I wanted to paint a special landscape motive, inspired by M.C. Escher’s “Waterfall” – as told in an earlier post. At that time I had figured out roughly how the landscape should be, to achieve the needed optical illusion. This was harder than expected, so it took time. Some changes to the layout have happened after that, but now I’m happier with it. It’s mostly the smaller details that are left now. Details like forests, villages, farms and such.

This is fiddly work. Fiddly work takes time!

Time is an illusion. Lunchtime, doubly so.

Ford Prefect, Hitchhikers Guide to the Galaxy

Another thing I mentioned later, in my Summertime-post, is my lack of activity on that painting. Or painting at all, technically. Of course, I’ve started painting again now, as the previous post clearly indicates. I’ve just taken a break from the fiddly work, needed something else to concentrate on. Still, I’ve done something.

Notice the flattering shadow in the lower left corner …

The geography is now in order, it’s “just” the details that have to be added. Bit by bit. I’ll be working on it now and then, just to not get bored by the fiddly bits. In the meantime, I have a few other paintings of various sizes that need to take priority.

Facebooktwitterredditpinterestlinkedinmail

Summertime …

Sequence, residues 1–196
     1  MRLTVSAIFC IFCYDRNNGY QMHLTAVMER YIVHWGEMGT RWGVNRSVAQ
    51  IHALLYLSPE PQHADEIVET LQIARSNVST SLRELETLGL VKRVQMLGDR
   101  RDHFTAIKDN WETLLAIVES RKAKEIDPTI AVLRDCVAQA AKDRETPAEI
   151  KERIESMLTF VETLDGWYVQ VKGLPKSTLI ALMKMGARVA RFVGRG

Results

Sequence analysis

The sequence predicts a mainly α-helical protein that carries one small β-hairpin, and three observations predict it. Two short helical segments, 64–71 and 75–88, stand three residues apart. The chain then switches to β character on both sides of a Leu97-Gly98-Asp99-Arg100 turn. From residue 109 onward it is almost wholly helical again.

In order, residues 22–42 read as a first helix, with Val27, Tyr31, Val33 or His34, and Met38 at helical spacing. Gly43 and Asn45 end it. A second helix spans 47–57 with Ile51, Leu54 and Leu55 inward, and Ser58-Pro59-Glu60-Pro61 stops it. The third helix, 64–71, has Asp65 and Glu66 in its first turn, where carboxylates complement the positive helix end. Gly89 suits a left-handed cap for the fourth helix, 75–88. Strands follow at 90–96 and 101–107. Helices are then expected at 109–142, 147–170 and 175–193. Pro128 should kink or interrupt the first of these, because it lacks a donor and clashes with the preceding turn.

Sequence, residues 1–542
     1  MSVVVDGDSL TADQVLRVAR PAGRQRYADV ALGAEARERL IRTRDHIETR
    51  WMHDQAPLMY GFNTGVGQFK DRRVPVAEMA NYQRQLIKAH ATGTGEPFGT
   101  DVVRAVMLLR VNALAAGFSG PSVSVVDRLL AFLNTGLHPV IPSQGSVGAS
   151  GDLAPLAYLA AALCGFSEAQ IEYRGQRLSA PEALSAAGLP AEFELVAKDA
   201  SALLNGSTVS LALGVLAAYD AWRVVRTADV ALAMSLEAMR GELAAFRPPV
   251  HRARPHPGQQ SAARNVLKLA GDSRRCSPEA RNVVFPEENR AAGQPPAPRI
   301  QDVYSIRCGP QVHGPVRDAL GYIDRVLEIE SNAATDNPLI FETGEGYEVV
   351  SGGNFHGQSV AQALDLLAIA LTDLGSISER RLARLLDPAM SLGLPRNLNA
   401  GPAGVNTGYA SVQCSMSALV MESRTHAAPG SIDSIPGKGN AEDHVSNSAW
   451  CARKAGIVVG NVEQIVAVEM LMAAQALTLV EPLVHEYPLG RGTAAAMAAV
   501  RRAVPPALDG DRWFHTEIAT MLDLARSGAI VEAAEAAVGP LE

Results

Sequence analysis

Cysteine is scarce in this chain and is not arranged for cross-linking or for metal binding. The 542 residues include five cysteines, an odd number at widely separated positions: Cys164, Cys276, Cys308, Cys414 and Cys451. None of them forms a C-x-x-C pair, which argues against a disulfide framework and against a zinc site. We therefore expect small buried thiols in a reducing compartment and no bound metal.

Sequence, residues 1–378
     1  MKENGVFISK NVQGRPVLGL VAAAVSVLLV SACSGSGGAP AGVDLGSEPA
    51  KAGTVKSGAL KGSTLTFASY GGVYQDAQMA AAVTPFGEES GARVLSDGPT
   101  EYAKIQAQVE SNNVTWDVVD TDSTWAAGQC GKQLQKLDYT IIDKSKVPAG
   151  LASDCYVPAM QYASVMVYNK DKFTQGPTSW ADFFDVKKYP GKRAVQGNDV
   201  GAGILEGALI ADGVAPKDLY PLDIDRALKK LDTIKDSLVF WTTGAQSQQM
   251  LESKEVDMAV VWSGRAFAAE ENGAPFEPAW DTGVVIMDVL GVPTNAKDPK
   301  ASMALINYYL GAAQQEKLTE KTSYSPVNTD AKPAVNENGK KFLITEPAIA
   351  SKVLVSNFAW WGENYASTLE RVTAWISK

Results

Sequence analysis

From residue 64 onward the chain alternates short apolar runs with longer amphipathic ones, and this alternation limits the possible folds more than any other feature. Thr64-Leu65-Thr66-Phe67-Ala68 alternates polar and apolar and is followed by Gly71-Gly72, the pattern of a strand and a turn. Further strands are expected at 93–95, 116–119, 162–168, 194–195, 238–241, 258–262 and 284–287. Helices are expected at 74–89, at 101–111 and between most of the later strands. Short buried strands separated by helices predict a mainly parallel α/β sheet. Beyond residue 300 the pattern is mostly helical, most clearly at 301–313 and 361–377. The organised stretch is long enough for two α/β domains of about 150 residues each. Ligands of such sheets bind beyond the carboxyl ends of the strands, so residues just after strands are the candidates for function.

I have a confession to make: I have painted very little this summer. It’s not that there haven’t been enough opportunities for me, as the weather has been on the “stay inside and paint”-side a lot of the time. My concentration has been elsewhere, tho.

Part of the reason might be the “impossible” motive I’m working on, purely from my own imagination. I’ve done a few changes, have some more to add (or it would look very empty), and … well, still need to think a bit about how and where to add stuff. To make it look like a rather simplistic version of reality. It would, of course, be cool if I could make it look realistic, but I need to paint a lot more to become better for that to happen. Maybe revisit it as a project later?

But, while I painted very little, I did paint. A little. The front and back cover of a sketch book, again.

While the ideas for motives had roamed around among my thoughts for a while, when I sat down to paint it was done quickly. For me. A few hours, despite it not being the largest canvases to paint on.

Still simple, not too many details (small details on a small canvas can become too small) but I’m quite happy with the result. And just as important: I painted!

And in a couple of weeks, I’m back to painting classes.

Facebooktwitterredditpinterestlinkedinmail

The Watermill

As you know, if you’ve read previous posts, I paint. I’m not a fast painter, but I paint. Hopefully, with practice I will get enough experience to be able to paint both faster and more often. And of course, better. That usually follows practice. 😉

Anyway, I’ve finished another painting now. Unless I at some point have a close look at it and decide to do more with it – but as for now, it’s finished: The watermill.

The watermill
Facebooktwitterredditpinterestlinkedinmail

Buy a daylight bulb

That’s what he said, our art teacher in class. Or at least strongly suggested it. There is a good reason for this, of course. Staying inside while painting isn’t particularly unusual, and it comes a no surprise that the sunlight is different from the artificial light indoors. The normal light bulbs emit a yellowish light, while the sun – the daylight – doesn’t.

So what – is it that dangerous? Why does it matter? Well, the reason is easy: Colours!